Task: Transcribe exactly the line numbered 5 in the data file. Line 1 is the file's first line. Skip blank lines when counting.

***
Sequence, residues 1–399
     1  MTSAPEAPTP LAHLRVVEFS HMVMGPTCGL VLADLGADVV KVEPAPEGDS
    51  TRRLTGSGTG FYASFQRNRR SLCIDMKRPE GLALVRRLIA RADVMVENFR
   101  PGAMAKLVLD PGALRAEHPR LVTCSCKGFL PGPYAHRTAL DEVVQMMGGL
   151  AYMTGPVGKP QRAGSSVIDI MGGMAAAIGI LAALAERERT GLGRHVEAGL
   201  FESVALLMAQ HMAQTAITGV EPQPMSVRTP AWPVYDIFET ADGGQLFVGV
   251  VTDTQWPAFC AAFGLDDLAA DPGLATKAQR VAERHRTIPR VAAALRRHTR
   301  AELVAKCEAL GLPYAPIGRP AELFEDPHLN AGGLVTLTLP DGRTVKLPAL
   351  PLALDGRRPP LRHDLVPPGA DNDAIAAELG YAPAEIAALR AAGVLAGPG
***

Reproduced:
   151  AYMTGPVGKP QRAGSSVIDI MGGMAAAIGI LAALAERERT GLGRHVEAGL